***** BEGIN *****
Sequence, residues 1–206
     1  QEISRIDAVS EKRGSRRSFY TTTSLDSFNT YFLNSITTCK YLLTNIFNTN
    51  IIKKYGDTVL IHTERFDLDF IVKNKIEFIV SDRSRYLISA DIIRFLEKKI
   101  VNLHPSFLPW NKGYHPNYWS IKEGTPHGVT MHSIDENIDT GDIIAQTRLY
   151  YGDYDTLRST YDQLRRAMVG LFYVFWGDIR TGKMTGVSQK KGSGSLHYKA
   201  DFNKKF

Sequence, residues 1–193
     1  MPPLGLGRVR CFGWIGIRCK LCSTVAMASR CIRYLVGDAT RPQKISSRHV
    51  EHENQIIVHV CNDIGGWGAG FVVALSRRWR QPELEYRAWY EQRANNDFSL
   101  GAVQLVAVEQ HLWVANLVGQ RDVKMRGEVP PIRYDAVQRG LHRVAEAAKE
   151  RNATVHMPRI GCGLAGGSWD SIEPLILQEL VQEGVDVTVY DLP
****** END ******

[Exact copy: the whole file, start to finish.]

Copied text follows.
Sequence, residues 1–206
     1  QEISRIDAVS EKRGSRRSFY TTTSLDSFNT YFLNSITTCK YLLTNIFNTN
    51  IIKKYGDTVL IHTERFDLDF IVKNKIEFIV SDRSRYLISA DIIRFLEKKI
   101  VNLHPSFLPW NKGYHPNYWS IKEGTPHGVT MHSIDENIDT GDIIAQTRLY
   151  YGDYDTLRST YDQLRRAMVG LFYVFWGDIR TGKMTGVSQK KGSGSLHYKA
   201  DFNKKF

Sequence, residues 1–193
     1  MPPLGLGRVR CFGWIGIRCK LCSTVAMASR CIRYLVGDAT RPQKISSRHV
    51  EHENQIIVHV CNDIGGWGAG FVVALSRRWR QPELEYRAWY EQRANNDFSL
   101  GAVQLVAVEQ HLWVANLVGQ RDVKMRGEVP PIRYDAVQRG LHRVAEAAKE
   151  RNATVHMPRI GCGLAGGSWD SIEPLILQEL VQEGVDVTVY DLP